The first issue of Safe Community Weekly News reported that as the European Safety Communities Network (ESCON) prepared to mark seven years of successful network, campaigning and development activity, Dr Katharina Purtscher, chairman since ESCON’s establishment in 1995, stepped down from December 2003. Yousif Rahim took over from January 2004 as chairman of ESCON Board of Directors. As the Safe Community concept is expanded to cover more communities in Europe, the ESCON will be a the sole focus on providing expert advice on community safety promotion to policymakers, administrators, researchers, and others working for community safety promotion in European Countries. ESCON has played a key role in supporting the development of Safe Communities in many communities in Europe over the last decade. In particular, ESCON will encourage safety researchers to focus on the safety promotion as an issue for the whole setting of Europe. ESCON will be a network for communities working with the Safe Community concept, and those whom are studying the safety promotion issues in Europe. With his professional experience in the field of injury prevention/Safety Promotion with Harstad/Norwegian Safe Communities and present role as a Coordinator for the Norwegian Safety Promotion Centre, Yousif Rahim is well placed to continue and further develop Dr Purtscher’s work. Contributions to Safe Community Weekly News should be sent to Yousif Rahim at


Inquiries using data from the home and leisure accident surveillance systems that collected information from 18 hospitals across the UK until its closure was announced by the Department of Trade and Industry (DTI) in May 2003 have been taken over by the Royal Society for the Prevention of Accidents (RoSPA) with DTI funding. Contact for analyses. The annual HASS/LASS reports for 2000, 2001, and 2002 have been published by the DTI following a long delay because of computer problems. They are available through

There is no sign of any replacement for the HASS/LASS systems, despite the fact that the DTI minister noted when announcing the closure that the Department of Health would be providing similar information.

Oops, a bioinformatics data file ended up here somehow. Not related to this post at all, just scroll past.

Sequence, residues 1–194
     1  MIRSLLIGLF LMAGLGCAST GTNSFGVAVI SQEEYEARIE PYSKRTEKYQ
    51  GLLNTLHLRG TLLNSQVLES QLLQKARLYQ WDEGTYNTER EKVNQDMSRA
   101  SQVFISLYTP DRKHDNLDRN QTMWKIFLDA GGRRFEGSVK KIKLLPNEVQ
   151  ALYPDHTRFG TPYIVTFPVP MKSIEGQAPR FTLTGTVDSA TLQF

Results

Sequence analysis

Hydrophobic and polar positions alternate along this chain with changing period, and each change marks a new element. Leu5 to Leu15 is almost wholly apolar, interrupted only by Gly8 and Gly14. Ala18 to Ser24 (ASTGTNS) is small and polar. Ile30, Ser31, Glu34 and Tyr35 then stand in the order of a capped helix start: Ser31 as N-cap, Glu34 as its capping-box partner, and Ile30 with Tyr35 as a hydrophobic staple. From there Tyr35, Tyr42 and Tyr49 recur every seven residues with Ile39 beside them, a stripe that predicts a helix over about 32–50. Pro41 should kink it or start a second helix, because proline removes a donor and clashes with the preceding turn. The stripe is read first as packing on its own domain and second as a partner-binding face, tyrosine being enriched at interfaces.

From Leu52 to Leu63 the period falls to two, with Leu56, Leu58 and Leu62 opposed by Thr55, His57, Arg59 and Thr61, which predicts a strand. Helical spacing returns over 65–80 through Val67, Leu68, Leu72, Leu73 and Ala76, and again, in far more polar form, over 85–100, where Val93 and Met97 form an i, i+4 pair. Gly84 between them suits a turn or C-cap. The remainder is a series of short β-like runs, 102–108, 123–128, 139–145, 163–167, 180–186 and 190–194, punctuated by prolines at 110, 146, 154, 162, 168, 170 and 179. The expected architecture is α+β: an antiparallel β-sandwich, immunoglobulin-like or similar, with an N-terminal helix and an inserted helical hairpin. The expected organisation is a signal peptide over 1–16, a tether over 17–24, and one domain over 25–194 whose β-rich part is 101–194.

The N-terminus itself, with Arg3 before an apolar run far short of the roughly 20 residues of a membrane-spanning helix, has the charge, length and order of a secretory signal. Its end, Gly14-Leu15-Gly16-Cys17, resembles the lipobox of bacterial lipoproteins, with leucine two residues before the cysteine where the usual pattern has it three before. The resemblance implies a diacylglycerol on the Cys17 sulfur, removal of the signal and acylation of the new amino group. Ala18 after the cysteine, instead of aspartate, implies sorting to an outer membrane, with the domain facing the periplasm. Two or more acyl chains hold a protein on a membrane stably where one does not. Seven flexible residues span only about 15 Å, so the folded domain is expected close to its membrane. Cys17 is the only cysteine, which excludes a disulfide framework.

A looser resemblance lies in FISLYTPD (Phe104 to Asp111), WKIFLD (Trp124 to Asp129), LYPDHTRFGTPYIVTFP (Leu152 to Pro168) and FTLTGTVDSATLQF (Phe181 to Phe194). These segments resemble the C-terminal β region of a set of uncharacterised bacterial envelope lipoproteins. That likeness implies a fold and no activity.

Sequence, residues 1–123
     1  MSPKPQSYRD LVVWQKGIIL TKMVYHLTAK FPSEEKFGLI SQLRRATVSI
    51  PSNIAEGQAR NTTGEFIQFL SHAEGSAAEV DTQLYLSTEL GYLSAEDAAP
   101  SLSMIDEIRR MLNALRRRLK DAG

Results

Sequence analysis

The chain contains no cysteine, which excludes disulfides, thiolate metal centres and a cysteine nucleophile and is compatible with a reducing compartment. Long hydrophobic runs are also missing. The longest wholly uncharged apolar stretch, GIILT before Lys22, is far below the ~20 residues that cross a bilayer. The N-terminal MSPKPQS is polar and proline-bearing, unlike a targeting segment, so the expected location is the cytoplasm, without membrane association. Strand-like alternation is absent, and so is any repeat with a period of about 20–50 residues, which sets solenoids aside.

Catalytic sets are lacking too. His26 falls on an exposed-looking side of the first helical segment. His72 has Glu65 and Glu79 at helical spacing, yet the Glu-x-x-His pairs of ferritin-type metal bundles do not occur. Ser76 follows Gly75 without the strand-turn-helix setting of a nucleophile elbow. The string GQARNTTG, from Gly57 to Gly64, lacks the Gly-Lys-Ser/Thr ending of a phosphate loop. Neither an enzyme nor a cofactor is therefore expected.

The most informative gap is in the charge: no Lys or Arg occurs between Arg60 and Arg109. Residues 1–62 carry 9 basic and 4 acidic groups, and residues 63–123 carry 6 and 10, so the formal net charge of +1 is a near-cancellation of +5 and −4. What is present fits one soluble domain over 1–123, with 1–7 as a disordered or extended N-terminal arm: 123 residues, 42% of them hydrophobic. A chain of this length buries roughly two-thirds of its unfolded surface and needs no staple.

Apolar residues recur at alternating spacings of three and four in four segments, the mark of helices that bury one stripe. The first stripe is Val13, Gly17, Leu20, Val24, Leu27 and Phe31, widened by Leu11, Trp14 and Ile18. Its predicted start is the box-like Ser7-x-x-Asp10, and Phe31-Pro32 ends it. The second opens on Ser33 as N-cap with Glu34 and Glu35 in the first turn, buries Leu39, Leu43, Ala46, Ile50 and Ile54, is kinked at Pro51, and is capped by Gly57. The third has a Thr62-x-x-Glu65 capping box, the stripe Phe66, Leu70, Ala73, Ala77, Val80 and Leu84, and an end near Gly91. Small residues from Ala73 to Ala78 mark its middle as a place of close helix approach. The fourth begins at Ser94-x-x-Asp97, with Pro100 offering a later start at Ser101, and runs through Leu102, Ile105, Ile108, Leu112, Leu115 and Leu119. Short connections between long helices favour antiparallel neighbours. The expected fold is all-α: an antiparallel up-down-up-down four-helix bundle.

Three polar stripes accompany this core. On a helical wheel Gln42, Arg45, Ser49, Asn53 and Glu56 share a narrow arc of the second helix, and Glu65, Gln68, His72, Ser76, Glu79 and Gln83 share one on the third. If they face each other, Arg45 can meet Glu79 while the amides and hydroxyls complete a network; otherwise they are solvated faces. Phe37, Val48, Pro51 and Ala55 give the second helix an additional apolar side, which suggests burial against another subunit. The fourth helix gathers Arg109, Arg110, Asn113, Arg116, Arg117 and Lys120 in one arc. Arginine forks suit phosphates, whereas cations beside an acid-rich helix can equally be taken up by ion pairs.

Guns killed more than 5000 people in Australia in the past decade. Nine out of 10 of the victims were male and most of them killed themselves. The number of deaths caused by firearms dropped almost 50% between 1991 and 2001, with the biggest yearly fall in deaths coming after the 1996 Port Arthur massacre. A report by the Australian Institute of Criminology released in January found that the number of deaths caused by guns each year dropped to 333 in 2001 from 629 in 1991. The biggest single form of firearm death was suicide, accounting for 3930 fatalities out of a total of 5083 studied. The number fell from 505 in 1991 to 261 in 2001. Homicides dropped to 47 in 2001 from 84 in 1991, accidental deaths fell from 29 to 18, while other forms of firearm deaths slipped to seven from 11. The biggest drop in deaths followed Port Arthur, when Martin Bryant murdered 35 people with a military-style weapon. After the massacre, tough gun laws were enacted across Australia, specifically targeting military-style weapons, which resulted in hundreds of thousands of weapons being destroyed. In 1996, 521 people died from gun inflicted wounds, while in 1997 this dropped to 437. State and federal governments agreed in late 2002 on new laws aimed at restricting access to handguns. Last July import controls were increased. Hunting rifles consistently accounted for the largest number of deaths, followed by shotguns, while the use of handguns has increased. The number of times a hunting rifle was implicated in a death dropped to 76 in 2001 from 282 in 1991. Shotgun deaths dropped from 133 to 54 but handgun deaths increased from 29 in 1991 to 49 in 2001.


The 4th Seminar and Workshop on Safety Promotion in Taiwan was held in January. The workshop aimed to promote the Safe Community Program in Taiwan, share the experiences from four different communities, and educate the community workers with promotion strategies. Over 50 people attended the meeting, including Dr Ying-Wei Wang, Deputy Director General, Bureau of Health Promotion, Department of Health, who promised that the administrative department will support the Safe Community Program, encouraged all of the participants to continue their work of safety promotion and wished the four featured communities’ success on achieving the goal of being designated in 2005. Dr Lu Pai, Associate Professor of National Defense Medical Center, National Defense University, served as the professional consultant for Safe Community programs. She has been engaged in injury prevention for 16 years and continued the work as well as developing the Safety Promotion Program in Taiwan. She lectured on all levels of safety promotion and safety promotion strategies (extracted from Safe CommunitiesWeekly News, issue 2, January 2004).


Contributors to these news and notes include Anna Cronin de Chavez, Anara Guard, Peter Jacobsen, Barry Pless, Ian Scott, and Amy Zierler. Michael Hayes has edited the contributions. Items for future issues, including calendar entries, should be sent to Michael Hayes at the Child Accident Prevention Trust, 18–20 Farringdon Lane, London EC1R 3HA, UK, fax +44 (0)20 7608 3674, email as soon as possible.